--------------------------------------------------------------------------------------
| Id  | Operation                   | Name   | Rows  | Bytes | Cost (%CPU)| Time     |
--------------------------------------------------------------------------------------
|   0 | SELECT STATEMENT            |        |     1 |    10 |     1   (0)| 00:00:01 |
|   1 |  TABLE ACCESS BY INDEX ROWID| EMP    |     1 |    10 |     1   (0)| 00:00:01 |
|*  2 |   INDEX UNIQUE SCAN         | PK_EMP |     1 |       |     0   (0)| 00:00:01 |
--------------------------------------------------------------------------------------

Predicate Information (identified by operation id):
---------------------------------------------------

   2 - access("EMPNO"=10)

TABLE ACCESS BY INDEX ROWID indicates that the rowid comes from the index access in the INDEX UNIQUE SCAN step with ID=2.

Joins

A Join is a predicate that attempts to combine 2 row sources. We only ever join 2 row sources together. At a given time only one Join Step is performed even though underlying row sources may have been accessed in parallel. Once 2 row sources have been combined the resultant row source can start to be joined to other row sources. Note that some join methods (such as nested loops) allow a batch of fetched rows to be returned to the higher levels before fetching the next batch. The join order for a query is the order in which joins are performed and makes a significant difference to the way in which the query is executed. By accessing particular row sources first, certain predicates may be filled earlier than they would be if other join orders were taken and this may prevent certain access paths from being taken.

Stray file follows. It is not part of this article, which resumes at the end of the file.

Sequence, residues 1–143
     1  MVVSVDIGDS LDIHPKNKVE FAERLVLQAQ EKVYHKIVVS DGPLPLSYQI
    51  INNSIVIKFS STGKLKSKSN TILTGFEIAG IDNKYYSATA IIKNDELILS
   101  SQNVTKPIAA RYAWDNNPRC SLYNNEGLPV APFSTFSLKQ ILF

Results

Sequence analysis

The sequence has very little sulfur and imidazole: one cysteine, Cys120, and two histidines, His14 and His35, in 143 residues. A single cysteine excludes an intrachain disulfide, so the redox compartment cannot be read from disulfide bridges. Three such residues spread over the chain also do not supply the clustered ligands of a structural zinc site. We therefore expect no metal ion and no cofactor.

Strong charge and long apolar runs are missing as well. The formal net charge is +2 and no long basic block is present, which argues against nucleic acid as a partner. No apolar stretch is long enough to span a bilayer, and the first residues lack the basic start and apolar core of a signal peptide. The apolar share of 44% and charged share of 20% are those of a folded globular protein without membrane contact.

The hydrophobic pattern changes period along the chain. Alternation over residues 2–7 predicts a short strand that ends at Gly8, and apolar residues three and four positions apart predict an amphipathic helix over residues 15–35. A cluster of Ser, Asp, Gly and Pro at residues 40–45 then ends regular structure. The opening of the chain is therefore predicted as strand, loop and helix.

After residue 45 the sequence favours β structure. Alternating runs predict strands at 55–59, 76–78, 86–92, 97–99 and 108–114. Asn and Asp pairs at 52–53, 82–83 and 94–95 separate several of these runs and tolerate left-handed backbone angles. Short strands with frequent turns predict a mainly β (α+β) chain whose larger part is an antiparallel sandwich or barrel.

For example, suppose there is a concatenated index on table A (a.col1,a.col2) with a.col1 as the leading column.

Consider the following query:

select A.col4
from   A,B,C
where  B.col3 = 10
and    A.col1 = B.col1
and    A.col2 = C.col2
and    C.col3 = 5


We could represent the joins present in the query using the following schematic representation:

                B    ---   A  ---    C

Predicates: col3=10                col3=5


There are really only 2 ways we can drive the query: via B.col3 or C.col3.